Because the waiting really is the hardest part. I wait in vain for the berries, because the birds will beat me to them. I usually have tomatoes by the fourth of July, but this year's cool weather means it may be another week--and I hope the tomatoes can outrun the funk (early blight or Septoria) already affecting the lower leaves. I am jinxing myself by being pleased nothing has eaten the borlotti beans, because the cowpeas are eaten as soon as I plant them. We'll soon have shisito peppers, the garlic will be dug any day now, and I have a few okra plants underway. It's all a matter of fighting the critters these days.
Better late than never, as usual. See what's blooming all over the country and beyond at May Dreams Gardens.
First, the vegetable garden, where flowering leeks, cilantro, parsley, arugula, bok choy, and an amazing stand of celery are attracting lots of beneficial insects. Marigolds add some extra color.
The native plant garden is in its sedate stage--the early spring ephemerals have finished, but the Heuchera and bottlebrush buckeye have not bloomed yet. The oak leaved Hydrangea is putting on a show though--despite rabbit herbivory (hence the fence).
The flower garden is a total mess. I will likely spend the rest of the growing season/my life rearranging things and pulling Ageratum. The Lauren's grape poppies are my favorite. The Echinacea has also taken a beating from the rabbits.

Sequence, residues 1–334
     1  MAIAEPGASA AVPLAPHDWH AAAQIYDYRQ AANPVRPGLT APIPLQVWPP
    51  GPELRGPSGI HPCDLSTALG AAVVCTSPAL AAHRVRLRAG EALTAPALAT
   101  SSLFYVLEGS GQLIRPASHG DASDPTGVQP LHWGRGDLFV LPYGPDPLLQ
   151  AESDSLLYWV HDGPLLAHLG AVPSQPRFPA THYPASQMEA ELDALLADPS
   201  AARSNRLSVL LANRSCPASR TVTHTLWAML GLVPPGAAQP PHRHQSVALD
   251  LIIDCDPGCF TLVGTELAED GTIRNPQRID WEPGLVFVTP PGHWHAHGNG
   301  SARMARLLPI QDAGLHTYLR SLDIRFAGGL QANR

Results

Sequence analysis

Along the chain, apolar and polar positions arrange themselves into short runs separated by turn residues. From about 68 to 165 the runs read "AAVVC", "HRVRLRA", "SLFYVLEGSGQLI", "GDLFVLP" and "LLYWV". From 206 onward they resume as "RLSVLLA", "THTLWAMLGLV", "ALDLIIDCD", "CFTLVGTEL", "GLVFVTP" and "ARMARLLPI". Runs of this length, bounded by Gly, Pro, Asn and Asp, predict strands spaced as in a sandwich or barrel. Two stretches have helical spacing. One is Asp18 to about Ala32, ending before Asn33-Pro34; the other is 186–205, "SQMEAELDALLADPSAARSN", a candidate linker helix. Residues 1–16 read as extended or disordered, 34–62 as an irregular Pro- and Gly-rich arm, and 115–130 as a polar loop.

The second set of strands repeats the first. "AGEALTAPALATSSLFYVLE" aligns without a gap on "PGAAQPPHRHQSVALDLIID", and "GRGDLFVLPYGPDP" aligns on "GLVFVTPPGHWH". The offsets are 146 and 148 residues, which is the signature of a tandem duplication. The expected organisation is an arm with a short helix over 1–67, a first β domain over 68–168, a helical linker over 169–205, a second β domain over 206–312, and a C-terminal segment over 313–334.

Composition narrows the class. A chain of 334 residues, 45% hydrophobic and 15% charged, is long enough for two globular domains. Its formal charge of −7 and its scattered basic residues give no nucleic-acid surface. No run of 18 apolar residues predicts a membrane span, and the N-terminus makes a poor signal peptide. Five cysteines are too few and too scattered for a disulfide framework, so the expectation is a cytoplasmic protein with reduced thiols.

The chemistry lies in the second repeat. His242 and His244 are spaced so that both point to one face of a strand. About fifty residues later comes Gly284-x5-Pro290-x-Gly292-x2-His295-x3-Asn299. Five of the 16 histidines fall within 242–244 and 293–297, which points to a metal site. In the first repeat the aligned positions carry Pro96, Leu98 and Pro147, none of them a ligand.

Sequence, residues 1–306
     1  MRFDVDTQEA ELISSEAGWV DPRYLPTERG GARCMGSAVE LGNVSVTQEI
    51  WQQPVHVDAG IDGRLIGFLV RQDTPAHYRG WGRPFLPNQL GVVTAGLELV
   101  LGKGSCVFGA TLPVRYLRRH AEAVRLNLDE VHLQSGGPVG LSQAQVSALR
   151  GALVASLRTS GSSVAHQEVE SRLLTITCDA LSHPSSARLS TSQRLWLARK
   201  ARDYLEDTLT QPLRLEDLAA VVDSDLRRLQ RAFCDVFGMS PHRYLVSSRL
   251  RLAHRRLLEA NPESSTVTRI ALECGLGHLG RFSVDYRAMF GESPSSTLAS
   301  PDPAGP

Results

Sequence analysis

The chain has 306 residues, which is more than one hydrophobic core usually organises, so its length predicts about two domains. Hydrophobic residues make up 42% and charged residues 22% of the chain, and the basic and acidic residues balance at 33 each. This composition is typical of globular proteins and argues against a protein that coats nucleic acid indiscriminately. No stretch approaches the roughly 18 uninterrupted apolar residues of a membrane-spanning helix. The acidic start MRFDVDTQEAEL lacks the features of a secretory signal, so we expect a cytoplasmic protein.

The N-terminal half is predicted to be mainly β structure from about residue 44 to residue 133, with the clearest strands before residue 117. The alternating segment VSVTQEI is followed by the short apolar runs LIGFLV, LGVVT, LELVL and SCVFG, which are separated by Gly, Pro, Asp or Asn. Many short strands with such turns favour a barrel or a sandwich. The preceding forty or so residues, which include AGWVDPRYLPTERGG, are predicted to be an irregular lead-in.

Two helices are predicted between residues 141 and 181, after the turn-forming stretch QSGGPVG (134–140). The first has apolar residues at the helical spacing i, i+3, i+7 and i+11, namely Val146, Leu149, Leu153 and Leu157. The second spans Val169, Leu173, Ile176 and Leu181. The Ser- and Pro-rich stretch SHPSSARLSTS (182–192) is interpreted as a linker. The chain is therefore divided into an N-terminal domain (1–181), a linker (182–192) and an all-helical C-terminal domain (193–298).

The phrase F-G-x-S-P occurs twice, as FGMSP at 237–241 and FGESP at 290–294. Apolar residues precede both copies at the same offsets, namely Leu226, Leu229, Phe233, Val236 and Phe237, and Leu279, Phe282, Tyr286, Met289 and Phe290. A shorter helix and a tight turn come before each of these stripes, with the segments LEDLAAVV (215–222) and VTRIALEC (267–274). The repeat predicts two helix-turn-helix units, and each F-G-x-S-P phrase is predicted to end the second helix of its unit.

The Magnolia is scenting the entire yard and providing some much-needed privacy--money well spent! happy summer!
I am fortunate to be able to take a vacation every May--usually somewhere in the Mediterranean. Not the ideal time to leave the garden, but who can complain? This year we returned to one of my favorite places on the planet, Puglia (and neighboring Basilicata), Italy. Hiking is always on the agenda--and wildflowers are in abundance in May. Most of the orchids bloom a little earlier in spring, but we saw plenty of these:
I always like observing garden plants also, like this cardoon we chatted with the owner about. I though it was an artichoke and she explained it was cardone.
May was a whirlwind, with tons of rain. Here's how things were left before vacation.
Upon returning home, I learned my neighbor did not even have to water once, and the cool weather kept the strawberries from all ripening while we were away. I also learned that rabbit wire does not exclude rabbits. Off to order some chicken wire!
Well, May flew by, in so many ways. I'm sharing some literal flying, in the form of a new feathered visitor to the garden, these rose-breasted grosbeaks. They must have just been passing through, as after we returned from a 10-day vacation, they were gone.
Now the show is all about fruit. Robins, catbirds, and mockingbirds are regular visitors to the mulberry tree that hangs over our fence as well as the service berry, whose fruit looks lovely and not fungus-marred this year (perhaps due to the three weeks of rain?). Maybe we will even eat some ourselves.
Soon up, hummingbirds--the native honeysuckle and Salvia are in full bloom and ready for them.